Your American Car Is Probably Not as American as You Think

June 26, 2019, 7:10 PM UTC

Want to buy American when it comes to your next ride?

The latest version of’s annual list of the most “American” cars assembled in the U.S. came out on Tuesday. But you may be surprised how little it takes to be considered really American: just 55% of the total value of the car parts is enough to qualify. And, because the data comes from reports mandated by the American Automobile Labeling Act of 1992, there’s additional hidden confusion. The legislation lumps together parts and content from the U.S. and Canada, so the strictly U.S. portion could be less.

“Automakers build plenty of vehicles here, but a lot of cars here are less American than you think,” said senior consumer affairs editor Kelsey Mays. For example, the iconic Ford F-150? It’s 56% American content, according to the study. “GM SUVs are built near Dallas with US engines and transmissions, but only 41%,” and so aren’t even on the list.

More “American,” in terms of total dollar value of their parts, are the numbers 1, 2, and 3 on the list: the Jeep Cherokee, made by Italy-based Fiat Chrysler, and the Honda Odyssey and Ridgeline, all three of which come in at 70%. Note, though, that the dollar value focus can mean some very expensive parts, like the computers that run engines these days, can tip the balance while significant numbers of components come from elsewhere.

“Certain engines in the F-150 have countries of origin of Mexico and Canada,” Mays said. “The United Kingdom is the country of origin for the diesel [model’s engine].”

Fortune asked both GM and Ford for comment. GM replied that it had four of the top 15 vehicles for U.S. content and “has announced investments of more than $23 billion in its U.S. manufacturing operations in the last decade, across 11 states.” A Ford spokesperson pointed to the Kogod 2018 Made in America Auto Index, from the Kogod School of Business at American University. In that index, F-150 models held the third position with an estimated 65% U.S. and Canadian made. But the index uses a much broader concept than, with seven criteria that include profit margins, R&D spending, and inventory and capital use in the U.S.

Trying to understand where cars are built is difficult because of the global nature of auto manufacturing. “Sourcing and parts is a complex business for vehicles,” said Jessica Caldwell, executive director of industry analysis for automobile information publisher Edmunds. “Foreign vehicles can be made here and American cars can be built in Mexico. Car parts come from a wide variety of sources.”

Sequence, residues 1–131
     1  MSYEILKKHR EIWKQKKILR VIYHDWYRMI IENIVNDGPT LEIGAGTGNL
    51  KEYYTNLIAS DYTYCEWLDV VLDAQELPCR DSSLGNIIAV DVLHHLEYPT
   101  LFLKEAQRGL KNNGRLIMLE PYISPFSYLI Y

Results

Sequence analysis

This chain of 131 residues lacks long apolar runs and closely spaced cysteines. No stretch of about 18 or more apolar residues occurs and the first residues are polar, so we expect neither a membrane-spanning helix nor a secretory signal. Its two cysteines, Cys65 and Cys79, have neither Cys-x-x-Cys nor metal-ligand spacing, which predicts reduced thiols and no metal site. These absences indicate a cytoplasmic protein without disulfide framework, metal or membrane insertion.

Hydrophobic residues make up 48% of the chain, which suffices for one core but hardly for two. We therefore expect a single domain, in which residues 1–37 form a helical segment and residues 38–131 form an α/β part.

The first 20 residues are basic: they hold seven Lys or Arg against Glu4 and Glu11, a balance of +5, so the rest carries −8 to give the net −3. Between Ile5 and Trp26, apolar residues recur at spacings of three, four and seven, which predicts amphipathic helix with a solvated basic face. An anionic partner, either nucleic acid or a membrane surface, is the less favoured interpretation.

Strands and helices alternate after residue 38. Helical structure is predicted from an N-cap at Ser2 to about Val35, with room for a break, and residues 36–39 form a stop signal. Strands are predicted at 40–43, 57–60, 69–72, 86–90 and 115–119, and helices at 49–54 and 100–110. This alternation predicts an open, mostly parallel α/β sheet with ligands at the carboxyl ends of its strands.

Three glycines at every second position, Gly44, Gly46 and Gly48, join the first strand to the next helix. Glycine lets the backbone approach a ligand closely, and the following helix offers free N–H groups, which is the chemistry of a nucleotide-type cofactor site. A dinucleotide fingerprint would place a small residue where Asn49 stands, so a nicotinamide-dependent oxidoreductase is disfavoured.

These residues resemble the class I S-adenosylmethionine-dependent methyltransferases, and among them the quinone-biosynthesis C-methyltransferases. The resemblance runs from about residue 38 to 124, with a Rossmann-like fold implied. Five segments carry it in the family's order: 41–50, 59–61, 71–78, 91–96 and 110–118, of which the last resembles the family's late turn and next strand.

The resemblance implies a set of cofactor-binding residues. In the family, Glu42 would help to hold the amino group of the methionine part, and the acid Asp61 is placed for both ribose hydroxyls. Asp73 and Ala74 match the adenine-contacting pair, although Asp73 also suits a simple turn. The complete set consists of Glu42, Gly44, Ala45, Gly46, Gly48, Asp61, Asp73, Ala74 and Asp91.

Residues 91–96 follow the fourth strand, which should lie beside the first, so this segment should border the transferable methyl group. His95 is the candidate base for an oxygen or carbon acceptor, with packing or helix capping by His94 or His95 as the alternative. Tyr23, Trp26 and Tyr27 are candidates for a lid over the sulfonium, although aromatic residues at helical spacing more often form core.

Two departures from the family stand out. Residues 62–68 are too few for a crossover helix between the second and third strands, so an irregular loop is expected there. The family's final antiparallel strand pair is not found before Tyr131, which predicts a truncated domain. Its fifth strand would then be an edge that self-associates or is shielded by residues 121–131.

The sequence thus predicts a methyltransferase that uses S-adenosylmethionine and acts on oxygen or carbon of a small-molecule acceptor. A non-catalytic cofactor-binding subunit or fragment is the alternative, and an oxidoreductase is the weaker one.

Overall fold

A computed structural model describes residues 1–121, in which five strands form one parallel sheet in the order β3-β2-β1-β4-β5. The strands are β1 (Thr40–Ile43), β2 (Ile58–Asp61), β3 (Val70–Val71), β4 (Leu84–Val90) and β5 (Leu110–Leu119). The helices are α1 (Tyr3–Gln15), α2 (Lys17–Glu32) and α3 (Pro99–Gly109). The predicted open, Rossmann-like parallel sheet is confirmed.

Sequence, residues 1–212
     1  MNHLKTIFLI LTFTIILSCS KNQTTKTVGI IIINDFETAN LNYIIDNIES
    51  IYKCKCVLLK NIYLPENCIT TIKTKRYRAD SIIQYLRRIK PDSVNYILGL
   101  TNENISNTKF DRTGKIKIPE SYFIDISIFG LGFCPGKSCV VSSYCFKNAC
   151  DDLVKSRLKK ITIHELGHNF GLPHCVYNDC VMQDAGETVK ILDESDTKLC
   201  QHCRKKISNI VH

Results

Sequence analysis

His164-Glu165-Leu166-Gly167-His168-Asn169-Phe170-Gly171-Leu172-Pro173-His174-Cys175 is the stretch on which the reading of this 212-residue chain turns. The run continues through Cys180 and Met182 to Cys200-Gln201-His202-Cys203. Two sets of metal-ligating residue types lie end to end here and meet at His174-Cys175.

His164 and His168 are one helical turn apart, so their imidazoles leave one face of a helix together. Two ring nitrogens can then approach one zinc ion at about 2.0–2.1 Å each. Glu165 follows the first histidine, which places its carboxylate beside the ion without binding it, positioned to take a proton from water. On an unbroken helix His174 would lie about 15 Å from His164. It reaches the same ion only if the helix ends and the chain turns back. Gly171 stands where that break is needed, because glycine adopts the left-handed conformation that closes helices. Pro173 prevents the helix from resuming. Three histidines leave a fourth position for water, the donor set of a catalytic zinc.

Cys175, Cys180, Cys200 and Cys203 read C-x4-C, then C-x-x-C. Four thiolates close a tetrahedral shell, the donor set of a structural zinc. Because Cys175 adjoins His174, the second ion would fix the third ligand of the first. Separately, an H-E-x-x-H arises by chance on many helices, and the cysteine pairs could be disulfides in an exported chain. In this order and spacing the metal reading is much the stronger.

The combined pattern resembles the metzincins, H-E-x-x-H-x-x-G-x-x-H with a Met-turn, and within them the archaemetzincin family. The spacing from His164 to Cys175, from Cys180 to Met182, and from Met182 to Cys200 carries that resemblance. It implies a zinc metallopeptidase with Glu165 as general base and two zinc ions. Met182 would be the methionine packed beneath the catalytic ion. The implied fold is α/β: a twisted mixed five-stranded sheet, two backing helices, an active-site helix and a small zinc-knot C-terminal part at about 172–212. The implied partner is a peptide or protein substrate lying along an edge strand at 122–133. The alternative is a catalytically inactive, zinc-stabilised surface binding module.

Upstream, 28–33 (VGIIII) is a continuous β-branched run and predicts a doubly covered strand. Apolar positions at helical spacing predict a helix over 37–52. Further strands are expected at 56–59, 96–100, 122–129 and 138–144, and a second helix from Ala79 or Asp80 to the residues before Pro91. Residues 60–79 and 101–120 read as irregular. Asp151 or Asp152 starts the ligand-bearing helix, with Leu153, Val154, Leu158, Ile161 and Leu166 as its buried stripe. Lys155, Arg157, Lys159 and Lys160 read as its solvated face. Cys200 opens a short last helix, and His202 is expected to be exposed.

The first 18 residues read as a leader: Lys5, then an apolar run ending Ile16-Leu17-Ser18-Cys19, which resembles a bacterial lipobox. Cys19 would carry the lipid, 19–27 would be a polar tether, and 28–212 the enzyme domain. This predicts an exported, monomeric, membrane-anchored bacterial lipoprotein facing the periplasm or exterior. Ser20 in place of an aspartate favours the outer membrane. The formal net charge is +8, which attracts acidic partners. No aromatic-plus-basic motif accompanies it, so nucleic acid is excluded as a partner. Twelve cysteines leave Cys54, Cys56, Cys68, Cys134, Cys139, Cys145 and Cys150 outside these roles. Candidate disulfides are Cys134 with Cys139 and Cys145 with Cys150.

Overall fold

Even in 2006 when first began the American-made study, the top ranked vehicles would have between 85% and 90% U.S. content. That’s dropped significantly over the years. Caldwell points to industry changes. Manufacturers are pushing toward electric and autonomous vehicle development but have to fund the work out of their revenue streams while new car sales have been falling in the U.S.

“Last year, there were about 17.3 million new vehicles sold in the U.S.,” she said. This year, estimates are 16.9 million. “Rising costs particularly with interest rates have made [new car purchases] too expensive for consumers,” Caldwell said. Many people have turned to used cars that have longer lifespans at relative bargain prices. “The average transaction price for a new vehicle in May was just about $37,000.” All the tech like Bluetooth and backup cameras helps jack up the cost.

Still, people in the U.S. care about buying American, according to the survey. About 66% of all shoppers “want to buy a car that substantially impacts the US economy,” said Mays. Younger people are a little insistent but not much, as 61.3% of those from 18 to 34 wanting the same.

You can see for yourself when car shopping: The percentage of U.S. or Canadian content will either be directly on the sales sticker or on a secondary one by it.

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